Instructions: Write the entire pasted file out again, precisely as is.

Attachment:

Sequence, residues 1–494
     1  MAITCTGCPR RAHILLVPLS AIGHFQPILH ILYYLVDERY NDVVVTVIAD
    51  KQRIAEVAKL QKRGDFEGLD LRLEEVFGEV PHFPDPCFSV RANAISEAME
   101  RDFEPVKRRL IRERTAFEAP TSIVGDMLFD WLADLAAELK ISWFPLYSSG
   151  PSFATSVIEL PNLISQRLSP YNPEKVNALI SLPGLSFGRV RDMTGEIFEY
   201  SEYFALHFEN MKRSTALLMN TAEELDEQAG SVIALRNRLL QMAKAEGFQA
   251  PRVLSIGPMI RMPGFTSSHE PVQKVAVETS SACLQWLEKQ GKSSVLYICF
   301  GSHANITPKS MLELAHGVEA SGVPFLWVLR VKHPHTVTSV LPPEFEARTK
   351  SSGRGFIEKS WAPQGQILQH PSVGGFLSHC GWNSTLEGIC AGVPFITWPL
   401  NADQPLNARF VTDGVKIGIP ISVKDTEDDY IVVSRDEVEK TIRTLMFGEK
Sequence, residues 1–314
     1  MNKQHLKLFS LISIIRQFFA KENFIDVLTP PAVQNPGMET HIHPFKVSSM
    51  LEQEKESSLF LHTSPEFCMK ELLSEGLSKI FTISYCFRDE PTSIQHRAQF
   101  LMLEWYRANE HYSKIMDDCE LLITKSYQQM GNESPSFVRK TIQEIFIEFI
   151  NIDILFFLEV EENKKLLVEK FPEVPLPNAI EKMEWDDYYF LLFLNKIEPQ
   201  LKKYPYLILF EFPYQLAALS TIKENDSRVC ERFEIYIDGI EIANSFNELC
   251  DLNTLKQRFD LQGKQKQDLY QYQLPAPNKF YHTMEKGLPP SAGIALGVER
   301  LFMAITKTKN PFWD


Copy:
Sequence, residues 1–494
     1  MAITCTGCPR RAHILLVPLS AIGHFQPILH ILYYLVDERY NDVVVTVIAD
    51  KQRIAEVAKL QKRGDFEGLD LRLEEVFGEV PHFPDPCFSV RANAISEAME
   101  RDFEPVKRRL IRERTAFEAP TSIVGDMLFD WLADLAAELK ISWFPLYSSG
   151  PSFATSVIEL PNLISQRLSP YNPEKVNALI SLPGLSFGRV RDMTGEIFEY
   201  SEYFALHFEN MKRSTALLMN TAEELDEQAG SVIALRNRLL QMAKAEGFQA
   251  PRVLSIGPMI RMPGFTSSHE PVQKVAVETS SACLQWLEKQ GKSSVLYICF
   301  GSHANITPKS MLELAHGVEA SGVPFLWVLR VKHPHTVTSV LPPEFEARTK
   351  SSGRGFIEKS WAPQGQILQH PSVGGFLSHC GWNSTLEGIC AGVPFITWPL
   401  NADQPLNARF VTDGVKIGIP ISVKDTEDDY IVVSRDEVEK TIRTLMFGEK
Sequence, residues 1–314
     1  MNKQHLKLFS LISIIRQFFA KENFIDVLTP PAVQNPGMET HIHPFKVSSM
    51  LEQEKESSLF LHTSPEFCMK ELLSEGLSKI FTISYCFRDE PTSIQHRAQF
   101  LMLEWYRANE HYSKIMDDCE LLITKSYQQM GNESPSFVRK TIQEIFIEFI
   151  NIDILFFLEV EENKKLLVEK FPEVPLPNAI EKMEWDDYYF LLFLNKIEPQ
   201  LKKYPYLILF EFPYQLAALS TIKENDSRVC ERFEIYIDGI EIANSFNELC
   251  DLNTLKQRFD LQGKQKQDLY QYQLPAPNKF YHTMEKGLPP SAGIALGVER
   301  LFMAITKTKN PFWD